One Day in the Life of Noah Piugattuk

February 12, 2020

For decades Zacharias Kunuk has been one of the most exciting, dynamic, and innovative filmmakers in Canada. His movies ( Atanarjuat: The Fast Runner and Maliglatit ) combine myth, history, and folklore, elements that are present in this movie.

Day in the Life of Noah Piugattuk, re-acts an actual 1961 encounter on spring sea ice between the title character, along with other community leaders, and a government agent who has come to ask them to relocate their families to permanent settlements and send their children to school. As the “interview” unfolds we see the agent’s paternalism clashing with Noah’s pride and common sense with the situation capturing the tensions between Inuit and the government that exist to this day.

Filmed on Baffin Island in a documentary-like style, we watch as a fellow Inuit translator tries in his choice of words to soften the harsh words that are spoken over the course of an hour. The real Noah Piugattuk was born in 1900, lived to be 96 years of age, and is the last Inuit to abandon a traditional, semi-nomadic life. In that time he saw the decline of traditional practices that had persisted for thousands of years and the creation of a new relationship with the Canadian colonial state. In this one day - and this fateful meeting - Kunuk condenses much about Inuit-settler relations. The emotional and historical layers in the film make it one of his finest works.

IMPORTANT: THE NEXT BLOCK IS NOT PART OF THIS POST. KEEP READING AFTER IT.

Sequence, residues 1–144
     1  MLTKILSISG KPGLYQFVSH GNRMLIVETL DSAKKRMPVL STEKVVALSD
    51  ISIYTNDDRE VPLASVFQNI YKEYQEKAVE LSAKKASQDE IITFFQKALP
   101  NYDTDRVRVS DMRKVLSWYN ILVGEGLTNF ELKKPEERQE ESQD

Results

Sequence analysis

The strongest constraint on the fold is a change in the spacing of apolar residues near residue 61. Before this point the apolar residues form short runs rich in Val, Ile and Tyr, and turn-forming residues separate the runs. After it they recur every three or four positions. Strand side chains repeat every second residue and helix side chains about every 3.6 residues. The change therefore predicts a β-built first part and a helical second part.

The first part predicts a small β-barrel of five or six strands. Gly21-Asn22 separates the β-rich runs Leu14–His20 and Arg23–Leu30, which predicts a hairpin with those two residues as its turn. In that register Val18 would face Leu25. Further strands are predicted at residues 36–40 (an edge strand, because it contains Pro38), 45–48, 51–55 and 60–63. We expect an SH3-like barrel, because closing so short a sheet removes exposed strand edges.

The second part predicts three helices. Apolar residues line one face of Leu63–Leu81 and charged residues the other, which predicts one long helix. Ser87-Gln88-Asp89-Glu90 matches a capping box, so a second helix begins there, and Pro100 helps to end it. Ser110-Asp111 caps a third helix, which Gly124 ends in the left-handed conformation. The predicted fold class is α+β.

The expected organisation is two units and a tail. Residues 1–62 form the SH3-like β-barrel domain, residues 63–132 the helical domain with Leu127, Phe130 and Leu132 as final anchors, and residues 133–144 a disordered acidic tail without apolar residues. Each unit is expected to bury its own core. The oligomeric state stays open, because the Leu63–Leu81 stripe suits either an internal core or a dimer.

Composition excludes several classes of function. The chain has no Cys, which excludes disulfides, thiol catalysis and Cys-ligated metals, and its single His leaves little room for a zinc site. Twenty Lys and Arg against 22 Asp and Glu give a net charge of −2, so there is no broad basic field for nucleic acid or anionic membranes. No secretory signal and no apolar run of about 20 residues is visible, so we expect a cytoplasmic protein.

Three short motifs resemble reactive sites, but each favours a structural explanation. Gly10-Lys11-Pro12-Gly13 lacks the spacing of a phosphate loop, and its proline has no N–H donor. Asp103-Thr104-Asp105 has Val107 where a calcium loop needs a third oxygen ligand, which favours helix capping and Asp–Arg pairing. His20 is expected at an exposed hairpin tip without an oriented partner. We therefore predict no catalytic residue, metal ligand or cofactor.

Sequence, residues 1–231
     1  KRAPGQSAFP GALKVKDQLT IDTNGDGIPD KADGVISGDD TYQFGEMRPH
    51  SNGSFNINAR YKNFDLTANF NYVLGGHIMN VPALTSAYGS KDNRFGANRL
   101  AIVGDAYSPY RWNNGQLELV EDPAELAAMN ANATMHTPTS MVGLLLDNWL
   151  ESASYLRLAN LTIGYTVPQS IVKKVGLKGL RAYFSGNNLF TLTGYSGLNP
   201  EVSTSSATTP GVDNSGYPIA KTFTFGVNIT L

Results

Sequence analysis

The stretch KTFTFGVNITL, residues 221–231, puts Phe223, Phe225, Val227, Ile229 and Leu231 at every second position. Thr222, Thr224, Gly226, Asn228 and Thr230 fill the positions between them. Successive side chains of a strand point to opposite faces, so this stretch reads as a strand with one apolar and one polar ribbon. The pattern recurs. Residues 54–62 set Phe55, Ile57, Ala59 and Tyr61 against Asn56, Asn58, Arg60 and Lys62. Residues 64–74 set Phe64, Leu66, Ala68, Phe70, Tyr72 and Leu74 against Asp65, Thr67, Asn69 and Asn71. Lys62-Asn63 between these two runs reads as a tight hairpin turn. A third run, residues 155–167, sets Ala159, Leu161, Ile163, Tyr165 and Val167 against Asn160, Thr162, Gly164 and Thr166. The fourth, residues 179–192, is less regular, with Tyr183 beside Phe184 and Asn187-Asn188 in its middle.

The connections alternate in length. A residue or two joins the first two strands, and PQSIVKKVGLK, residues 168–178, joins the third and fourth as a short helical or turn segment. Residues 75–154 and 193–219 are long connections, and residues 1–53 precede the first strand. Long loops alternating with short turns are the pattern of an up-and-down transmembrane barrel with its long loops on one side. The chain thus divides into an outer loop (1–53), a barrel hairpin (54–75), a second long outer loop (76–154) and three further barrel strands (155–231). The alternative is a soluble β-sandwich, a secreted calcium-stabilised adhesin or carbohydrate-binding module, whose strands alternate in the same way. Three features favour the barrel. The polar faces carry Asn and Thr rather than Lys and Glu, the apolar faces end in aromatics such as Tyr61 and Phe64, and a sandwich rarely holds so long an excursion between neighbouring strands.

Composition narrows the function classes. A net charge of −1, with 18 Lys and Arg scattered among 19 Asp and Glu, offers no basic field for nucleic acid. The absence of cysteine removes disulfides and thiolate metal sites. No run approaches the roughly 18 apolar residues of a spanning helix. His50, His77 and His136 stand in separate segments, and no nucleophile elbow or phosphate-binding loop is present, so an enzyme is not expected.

“The real-time effect…is compelling as its languor and its repetitions gradually reveal the deep cultural misunderstanding that is going on.” Kate Taylor, The Globe and Mail

Inuktitut/English with English subtitles
Rated: Not Rated
112 minutes
4 - 5:52 & 7 - 8:52

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